“God no,” he said. “That’s a fallacy.”
Camden’s superintendent of elections makes $117,000 per year, he said, the deputy – currently a vacant position – makes over $100,000 as well.
“That’s almost a quarter of a million dollars,” he said.
Election superintendents are nominated by the governor and approved by the state Senate. Similar to how election boards prohibit single party rule – another form of check and balance – superintendents and their deputies must be from separate parties.
“Camden County, we do everything by the book,” Venuti said. “Most of the counties are using our training manuals.”
In Camden, the board engages third-year law students who observe the polling locations.
“That has cut down any sort of problems in the city of Camden,” he said.
But election officials point out that the majority of irregularities – which the superintendent of elections is charged with examining – occur on paper ballots, like mail-in and provisional votes, not on the machines.
Bergen County Superintendent of Elections Patricia DiCostanzo deals with the largest population in the state, which translates into the highest vote totals and broadest range of irregularities.
“There’s checks and balances,” she said today. “There’s no overlapping of work (in Bergen County).”
“I do the machines and the voter registration and any type of irregularities,” she said. The clerk does the sample ballots and the board oversees the poll workers and collection of ballots.
“We got a three-way check going on here,” she said, and sniffing out irregular ballots is an important part of the process best kept separate from the board members.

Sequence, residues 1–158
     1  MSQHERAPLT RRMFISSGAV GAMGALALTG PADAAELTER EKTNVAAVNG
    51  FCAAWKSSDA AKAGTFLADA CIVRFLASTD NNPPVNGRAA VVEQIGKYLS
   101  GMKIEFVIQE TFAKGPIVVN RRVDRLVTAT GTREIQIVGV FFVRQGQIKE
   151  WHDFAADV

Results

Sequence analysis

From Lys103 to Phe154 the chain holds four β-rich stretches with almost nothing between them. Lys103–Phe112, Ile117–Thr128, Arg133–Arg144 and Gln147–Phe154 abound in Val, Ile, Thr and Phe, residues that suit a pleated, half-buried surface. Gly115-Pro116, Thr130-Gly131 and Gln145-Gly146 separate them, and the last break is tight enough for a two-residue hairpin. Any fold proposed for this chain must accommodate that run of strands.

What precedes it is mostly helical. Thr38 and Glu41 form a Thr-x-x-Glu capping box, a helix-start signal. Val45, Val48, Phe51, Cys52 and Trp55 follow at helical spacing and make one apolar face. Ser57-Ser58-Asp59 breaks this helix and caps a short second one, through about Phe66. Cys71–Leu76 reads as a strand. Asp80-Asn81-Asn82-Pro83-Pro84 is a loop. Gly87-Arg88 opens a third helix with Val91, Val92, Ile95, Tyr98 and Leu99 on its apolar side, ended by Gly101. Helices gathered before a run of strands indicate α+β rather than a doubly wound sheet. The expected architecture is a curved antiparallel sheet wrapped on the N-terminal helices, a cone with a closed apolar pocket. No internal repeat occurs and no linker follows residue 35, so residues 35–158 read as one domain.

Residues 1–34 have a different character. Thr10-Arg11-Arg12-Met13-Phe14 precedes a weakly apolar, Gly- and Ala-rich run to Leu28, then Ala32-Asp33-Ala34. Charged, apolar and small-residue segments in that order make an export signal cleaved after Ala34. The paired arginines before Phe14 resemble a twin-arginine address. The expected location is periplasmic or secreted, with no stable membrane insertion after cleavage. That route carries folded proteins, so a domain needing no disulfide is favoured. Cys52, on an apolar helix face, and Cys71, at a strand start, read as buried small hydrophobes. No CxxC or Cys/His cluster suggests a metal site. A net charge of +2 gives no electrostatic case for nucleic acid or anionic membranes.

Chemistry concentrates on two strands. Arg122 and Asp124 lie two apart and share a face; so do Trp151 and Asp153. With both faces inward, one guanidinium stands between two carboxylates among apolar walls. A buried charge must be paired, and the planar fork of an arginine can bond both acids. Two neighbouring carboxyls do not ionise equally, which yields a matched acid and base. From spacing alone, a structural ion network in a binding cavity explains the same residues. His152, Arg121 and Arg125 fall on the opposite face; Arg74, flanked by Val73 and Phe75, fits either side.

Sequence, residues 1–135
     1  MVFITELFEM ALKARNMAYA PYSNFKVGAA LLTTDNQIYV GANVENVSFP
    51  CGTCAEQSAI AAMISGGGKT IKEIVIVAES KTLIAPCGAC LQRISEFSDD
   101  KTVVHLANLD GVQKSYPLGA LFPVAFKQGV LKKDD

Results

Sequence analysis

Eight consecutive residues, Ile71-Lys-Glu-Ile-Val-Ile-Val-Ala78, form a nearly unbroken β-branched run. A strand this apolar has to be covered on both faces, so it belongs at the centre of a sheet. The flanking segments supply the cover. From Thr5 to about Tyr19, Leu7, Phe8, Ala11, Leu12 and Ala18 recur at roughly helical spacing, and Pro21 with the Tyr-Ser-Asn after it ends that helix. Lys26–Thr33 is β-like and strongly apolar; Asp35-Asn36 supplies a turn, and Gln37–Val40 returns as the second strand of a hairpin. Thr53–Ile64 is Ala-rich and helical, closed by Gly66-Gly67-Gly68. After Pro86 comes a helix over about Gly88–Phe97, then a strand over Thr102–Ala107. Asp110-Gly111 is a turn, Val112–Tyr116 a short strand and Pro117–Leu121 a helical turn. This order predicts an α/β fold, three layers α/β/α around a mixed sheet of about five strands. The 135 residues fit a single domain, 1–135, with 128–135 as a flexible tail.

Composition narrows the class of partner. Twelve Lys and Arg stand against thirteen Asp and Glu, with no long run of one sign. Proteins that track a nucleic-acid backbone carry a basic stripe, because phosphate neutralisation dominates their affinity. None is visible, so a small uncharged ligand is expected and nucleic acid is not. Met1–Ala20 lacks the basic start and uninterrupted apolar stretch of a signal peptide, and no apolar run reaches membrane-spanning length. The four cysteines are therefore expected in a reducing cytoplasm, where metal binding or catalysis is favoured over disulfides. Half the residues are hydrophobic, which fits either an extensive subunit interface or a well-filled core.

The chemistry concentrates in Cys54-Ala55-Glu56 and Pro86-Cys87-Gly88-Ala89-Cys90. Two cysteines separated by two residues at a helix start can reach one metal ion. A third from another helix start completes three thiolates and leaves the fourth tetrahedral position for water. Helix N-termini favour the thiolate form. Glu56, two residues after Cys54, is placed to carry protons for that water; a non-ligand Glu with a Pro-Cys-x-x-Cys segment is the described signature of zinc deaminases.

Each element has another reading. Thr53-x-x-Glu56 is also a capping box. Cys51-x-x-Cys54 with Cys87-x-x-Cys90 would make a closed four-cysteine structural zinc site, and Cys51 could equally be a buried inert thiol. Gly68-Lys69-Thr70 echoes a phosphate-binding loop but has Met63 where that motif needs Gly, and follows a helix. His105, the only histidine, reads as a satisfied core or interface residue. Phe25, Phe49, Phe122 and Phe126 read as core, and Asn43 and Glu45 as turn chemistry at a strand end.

She used techniques that have changed through the years to find the bad ballots. “They got smart,” she said of the people pulling ballot box shenanigans.
“Now I have a handwriting expert,” she said, and recently the board rejected 179 absentee ballots found by the superintendent to have three or four different handwritings on them.
She was chairwoman of the Board of Elections, where she served for nine years.
“It would be huge,” she said of the bill’s impact on elections in Bergen.
Another point DiCostanzo makes is that when a superintendent is hired, it currently takes bipartisan approval with a Republican governor and a Democratic Senate.
But some freeholder boards who will vote on the elimination of the position could be from one county – as is the case in Camden.
“To keep the politics out of it, I don’t think it’s a healthy thing to do,” she said.
Venuti said his board does the same sort of scanning for irregularities.
“We absolutely check the signatures,” he said. “I’m not a handwriting expert. I did take a course with the FBI a few years ago.”
Norcross isn’t finding much support yet in the legislature. His Camden County ally, Assemblyman Lou Greenwald (D-Voorhees), is sponsoring the Assembly bill, but neither has any co-sponsors.
“It died a slow de
ath (in the last session),” Norcross said, but in this economic climate, he still sees it as a way for counties to save money and streamline their election process.
He’s considering committee amendments for next week, including looking at how and when the position abolishment can take place.
“We’ll move it through,” he said. “This is about saving the taxpayers money and creating efficiencies.”
One state election official said of eliminating the source’s county superintendent, “I don’t see it happening here any time in the future. But, if it was a real pain-in-the-ass superintendent, you’d probably get a different line out of me.”